# Question 0e53e

Nov 12, 2015

Here's what I got.

#### Explanation:

The idea here is that the heat released by the neutralization reaction will be absorbed by the solution, hence the recorded increase in temperature.

You can assume that the solution behaves similar to pure water, since the values given for specific heat and density are consistent with those used for water.

So, the equation that establishes a relationship between heat absorbed and change in temperature looks like this

$\textcolor{b l u e}{q = m \cdot c \cdot \Delta T} \text{ }$, where

$q$ - heat absorbed
$m$ - the mass of the sample
$c$ - the specific heat of the substance
$\Delta T$ - the change in temperature, defined as final temperature minus initial temperature

Now, the volume of the solution will be equal to the sum of the volumes of the hydrochloric acid and sodium hydroxide solutions

${V}_{\text{sol" = V_"HCl" + V_"NaOH}}$

${V}_{\text{sol" = "20. mL" + "20. mL" = "40. mL}}$

Use the density of the solution to find its mass

40. color(red)(cancel(color(black)("mL"))) * "1.00 g"/(1color(red)(cancel(color(black)("mL")))) = "40. g"

The heat absorbed by the water will thus be

$q = 40. \textcolor{red}{\cancel{\textcolor{b l a c k}{\text{g"))) * 4.18"J"/(color(red)(cancel(color(black)("g"))) color(red)(cancel(color(black)(""^@"C")))) * 11.2color(red)(cancel(color(black)(""^@"C}}}}$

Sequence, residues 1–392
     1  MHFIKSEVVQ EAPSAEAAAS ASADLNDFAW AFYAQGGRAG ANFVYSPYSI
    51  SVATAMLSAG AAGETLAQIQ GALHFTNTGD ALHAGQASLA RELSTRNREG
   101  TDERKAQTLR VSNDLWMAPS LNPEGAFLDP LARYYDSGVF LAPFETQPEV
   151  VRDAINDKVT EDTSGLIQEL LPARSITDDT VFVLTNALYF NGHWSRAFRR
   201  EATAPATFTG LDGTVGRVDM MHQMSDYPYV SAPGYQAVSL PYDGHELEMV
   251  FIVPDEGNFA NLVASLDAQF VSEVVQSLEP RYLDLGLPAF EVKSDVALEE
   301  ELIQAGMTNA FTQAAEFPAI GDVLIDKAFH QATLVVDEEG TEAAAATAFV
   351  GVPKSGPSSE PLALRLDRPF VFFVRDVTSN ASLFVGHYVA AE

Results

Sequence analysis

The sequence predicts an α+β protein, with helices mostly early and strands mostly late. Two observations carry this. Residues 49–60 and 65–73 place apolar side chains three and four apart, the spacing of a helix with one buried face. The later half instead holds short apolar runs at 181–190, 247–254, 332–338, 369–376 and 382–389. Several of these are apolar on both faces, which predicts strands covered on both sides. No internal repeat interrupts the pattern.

$q = \text{1872.6 J}$

Now focus on the chemical equation for this neutralization reaction

${\text{HCl"_text((aq]) + "NaOH"_text((aq]) -> "NaCl"_text((aq]) + "H"_2"O}}_{\textrm{\left(l\right]}}$

Notice that you have a $1 : 1$ mole ratio between hydrochloric acid and sodium hydroxide. This means that the reaction will consume equal numbers of moles of each reactant.

Use the molarities and volumes of the two solutions to determine how many moles of each you have

$\textcolor{b l u e}{c = \frac{n}{V} \implies n = c \cdot V}$

${n}_{\text{HCl" = "3.0 M" * 20. * 10^(-3)"L" = "0.060 moles HCl}}$

and

${n}_{\text{NaOH" = "2.0 M" * 20. * 10^(-3)"L" = "0.040 moles NaOH}}$

Since you have fewer moles of sodium hydroxide, the base will act as a limiting reagent, i.e. it will determine how many moles of hydrochloric acid actually take part in the reaction.

More specifically, the base will be completely consumed by the reaction, and only $0.040$ moles of hydrochloric acid will react.

This means that the amount of heat absorbed by the water was released when $0.040$ moles of each reactant took part in the reaction.

The heat given off by this reaction per mole will thus be

1color(red)(cancel(color(black)("mole"))) * "1872.6 kJ"/(0.040color(red)(cancel(color(black)("moles")))) = "46815 J"

The enthalpy change of neutralization will be

DeltaH_"neut" = color(green)(-"47 kJ/mol") -> rounded to two sig figs

The negative sign symbolizes heat given off.

Percent error is defined as

$\textcolor{b l u e}{\text{% error" = (|"experimental value" - "theoretical value"|)/"theoretical value} \times 100}$

You can discard the minus signs for this calculation

"% error" = ( |47 - 55.9|color(red)(cancel(color(black)("kJ/mol"))))/(55.9color(red)(cancel(color(black)("kJ/mol")))) xx 100 = color(green)(16%)#

SIDE NOTE The experimental value you got for this neutralization reaction is actually characteristic of a weak acid reacting with a strong base, so I would definitely say that significant errors were introduced in the experiment.